Three massive volumes just to say "Rich people suck!"

The difference is that there is still one area of our economy that is still moving and changing, namely the money economy, with corporate profits high and financial innovation ongoing

Davies' description might be true of British capitalism, but the technical economy, especially in computers and things that are being turned into computers with other features (such as cars) is still moving and changing very fast. One can argue that a relatively small share of the population is engaged in this work, but it's impossible to argue that it's not happening. Indeed it's hard to hang out in or read about Silicon Valley / SF / Seattle and not notice this.

I recommend Davies apply to Y Combinator and/or try to tag along with an accepted startup and write about what he sees there.

Still, I am thinking about Joel Mokyr's The Enlightened Economy as I read this, and specifically:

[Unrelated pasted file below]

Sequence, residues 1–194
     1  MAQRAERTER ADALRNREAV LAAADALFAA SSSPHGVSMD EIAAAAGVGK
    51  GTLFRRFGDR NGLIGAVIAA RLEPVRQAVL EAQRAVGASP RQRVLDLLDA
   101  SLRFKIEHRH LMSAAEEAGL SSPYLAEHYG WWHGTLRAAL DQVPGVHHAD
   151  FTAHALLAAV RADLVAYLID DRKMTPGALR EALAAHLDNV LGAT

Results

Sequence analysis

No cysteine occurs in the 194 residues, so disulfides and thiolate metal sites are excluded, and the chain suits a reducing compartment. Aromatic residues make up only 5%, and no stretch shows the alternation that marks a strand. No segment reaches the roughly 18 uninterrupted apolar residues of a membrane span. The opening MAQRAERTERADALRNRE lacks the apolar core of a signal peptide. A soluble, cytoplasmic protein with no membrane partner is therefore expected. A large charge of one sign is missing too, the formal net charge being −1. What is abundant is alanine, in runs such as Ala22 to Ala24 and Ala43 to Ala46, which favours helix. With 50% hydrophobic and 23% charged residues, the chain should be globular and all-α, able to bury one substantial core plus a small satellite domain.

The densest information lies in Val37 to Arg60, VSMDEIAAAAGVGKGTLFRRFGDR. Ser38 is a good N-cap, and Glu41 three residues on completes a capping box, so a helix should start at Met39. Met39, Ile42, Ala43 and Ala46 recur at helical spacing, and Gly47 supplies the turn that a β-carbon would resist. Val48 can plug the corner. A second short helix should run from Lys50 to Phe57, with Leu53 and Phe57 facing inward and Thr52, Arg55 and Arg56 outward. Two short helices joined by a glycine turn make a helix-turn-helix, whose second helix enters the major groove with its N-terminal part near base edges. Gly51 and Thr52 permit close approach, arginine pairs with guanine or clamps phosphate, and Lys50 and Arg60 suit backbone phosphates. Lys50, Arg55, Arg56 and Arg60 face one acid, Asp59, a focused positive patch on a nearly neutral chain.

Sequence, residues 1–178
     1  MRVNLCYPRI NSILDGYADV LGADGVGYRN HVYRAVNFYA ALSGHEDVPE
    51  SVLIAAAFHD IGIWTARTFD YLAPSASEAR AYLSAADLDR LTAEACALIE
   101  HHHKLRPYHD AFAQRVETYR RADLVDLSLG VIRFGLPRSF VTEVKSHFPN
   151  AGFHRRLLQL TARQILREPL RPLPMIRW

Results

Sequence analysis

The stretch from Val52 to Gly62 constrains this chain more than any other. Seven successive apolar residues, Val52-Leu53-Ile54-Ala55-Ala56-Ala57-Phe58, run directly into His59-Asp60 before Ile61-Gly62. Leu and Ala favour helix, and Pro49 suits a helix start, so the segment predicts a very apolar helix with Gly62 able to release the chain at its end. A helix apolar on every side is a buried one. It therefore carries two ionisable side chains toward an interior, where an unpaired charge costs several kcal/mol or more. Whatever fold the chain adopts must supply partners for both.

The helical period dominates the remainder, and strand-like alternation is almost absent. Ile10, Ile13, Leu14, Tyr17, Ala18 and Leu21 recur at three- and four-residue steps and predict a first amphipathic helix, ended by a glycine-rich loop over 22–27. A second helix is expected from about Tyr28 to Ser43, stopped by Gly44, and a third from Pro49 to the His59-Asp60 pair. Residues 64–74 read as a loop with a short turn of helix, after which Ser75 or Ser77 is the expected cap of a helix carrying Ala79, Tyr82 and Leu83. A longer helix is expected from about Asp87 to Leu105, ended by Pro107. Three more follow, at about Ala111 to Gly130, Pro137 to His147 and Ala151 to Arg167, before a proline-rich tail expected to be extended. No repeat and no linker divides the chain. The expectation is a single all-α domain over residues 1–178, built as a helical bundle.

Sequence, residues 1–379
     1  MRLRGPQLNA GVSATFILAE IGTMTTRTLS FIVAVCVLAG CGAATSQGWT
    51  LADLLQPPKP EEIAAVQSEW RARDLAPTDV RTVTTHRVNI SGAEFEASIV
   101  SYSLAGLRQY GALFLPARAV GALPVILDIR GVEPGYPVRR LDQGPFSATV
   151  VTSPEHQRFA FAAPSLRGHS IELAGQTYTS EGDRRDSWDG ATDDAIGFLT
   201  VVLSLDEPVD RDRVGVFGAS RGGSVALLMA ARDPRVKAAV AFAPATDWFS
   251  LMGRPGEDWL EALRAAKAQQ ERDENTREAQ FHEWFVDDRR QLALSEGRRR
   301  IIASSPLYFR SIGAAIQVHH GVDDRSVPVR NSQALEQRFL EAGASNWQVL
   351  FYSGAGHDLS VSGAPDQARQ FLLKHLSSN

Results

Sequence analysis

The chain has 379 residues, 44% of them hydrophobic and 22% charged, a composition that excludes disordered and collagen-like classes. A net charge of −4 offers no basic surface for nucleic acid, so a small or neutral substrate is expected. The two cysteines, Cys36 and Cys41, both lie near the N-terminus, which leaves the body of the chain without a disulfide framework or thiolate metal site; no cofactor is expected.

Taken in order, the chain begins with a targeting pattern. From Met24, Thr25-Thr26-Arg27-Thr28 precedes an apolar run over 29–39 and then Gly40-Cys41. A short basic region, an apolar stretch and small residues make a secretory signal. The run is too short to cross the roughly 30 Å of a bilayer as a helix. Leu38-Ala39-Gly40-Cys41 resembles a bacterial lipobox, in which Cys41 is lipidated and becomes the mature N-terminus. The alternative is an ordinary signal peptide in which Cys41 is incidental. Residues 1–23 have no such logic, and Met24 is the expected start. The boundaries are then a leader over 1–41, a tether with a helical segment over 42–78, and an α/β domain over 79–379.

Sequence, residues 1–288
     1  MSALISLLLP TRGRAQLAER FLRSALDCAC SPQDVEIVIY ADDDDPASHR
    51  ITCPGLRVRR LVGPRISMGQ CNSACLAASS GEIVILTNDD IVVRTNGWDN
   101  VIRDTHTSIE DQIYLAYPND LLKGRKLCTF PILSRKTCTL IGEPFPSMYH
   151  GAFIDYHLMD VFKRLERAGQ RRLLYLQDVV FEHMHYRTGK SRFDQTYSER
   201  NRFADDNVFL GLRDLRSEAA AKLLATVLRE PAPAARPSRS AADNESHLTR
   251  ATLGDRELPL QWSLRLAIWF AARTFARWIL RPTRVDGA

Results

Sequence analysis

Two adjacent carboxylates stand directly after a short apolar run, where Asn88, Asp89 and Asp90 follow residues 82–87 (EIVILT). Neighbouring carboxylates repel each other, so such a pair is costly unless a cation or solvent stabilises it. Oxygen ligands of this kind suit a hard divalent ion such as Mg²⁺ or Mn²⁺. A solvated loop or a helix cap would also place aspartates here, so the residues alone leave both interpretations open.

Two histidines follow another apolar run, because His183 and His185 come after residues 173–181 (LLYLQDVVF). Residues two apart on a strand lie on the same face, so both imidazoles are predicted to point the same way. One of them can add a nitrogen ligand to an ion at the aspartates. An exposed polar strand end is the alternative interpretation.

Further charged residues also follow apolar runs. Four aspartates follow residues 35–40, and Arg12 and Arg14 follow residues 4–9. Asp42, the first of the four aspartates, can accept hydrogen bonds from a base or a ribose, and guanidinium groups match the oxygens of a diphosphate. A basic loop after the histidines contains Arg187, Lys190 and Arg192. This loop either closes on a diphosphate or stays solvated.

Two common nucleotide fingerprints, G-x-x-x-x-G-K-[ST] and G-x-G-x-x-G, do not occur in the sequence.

"Culture may have affected technological progress in other ways. I have suggested two examples of such attitudes that have little to do with religion and that may help explain the economic successes of the Western world" (389)

In addition, Mokyr argues that even if only a minority of people are actually reading about improved efficiency and techniques, efficiency as a whole may move forward through the spread of information from books to interpersonal contacts. He uses the example of farming when he says